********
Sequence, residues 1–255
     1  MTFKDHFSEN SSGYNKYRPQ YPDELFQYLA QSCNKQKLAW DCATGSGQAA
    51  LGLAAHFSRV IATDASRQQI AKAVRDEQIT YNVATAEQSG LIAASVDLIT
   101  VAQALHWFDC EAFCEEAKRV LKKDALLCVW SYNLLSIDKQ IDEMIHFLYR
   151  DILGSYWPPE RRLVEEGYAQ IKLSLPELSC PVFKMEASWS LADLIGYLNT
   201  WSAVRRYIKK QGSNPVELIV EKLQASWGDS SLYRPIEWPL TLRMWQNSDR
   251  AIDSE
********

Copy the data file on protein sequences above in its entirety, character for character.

Sequence, residues 1–255
     1  MTFKDHFSEN SSGYNKYRPQ YPDELFQYLA QSCNKQKLAW DCATGSGQAA
    51  LGLAAHFSRV IATDASRQQI AKAVRDEQIT YNVATAEQSG LIAASVDLIT
   101  VAQALHWFDC EAFCEEAKRV LKKDALLCVW SYNLLSIDKQ IDEMIHFLYR
   151  DILGSYWPPE RRLVEEGYAQ IKLSLPELSC PVFKMEASWS LADLIGYLNT
   201  WSAVRRYIKK QGSNPVELIV EKLQASWGDS SLYRPIEWPL TLRMWQNSDR
   251  AIDSE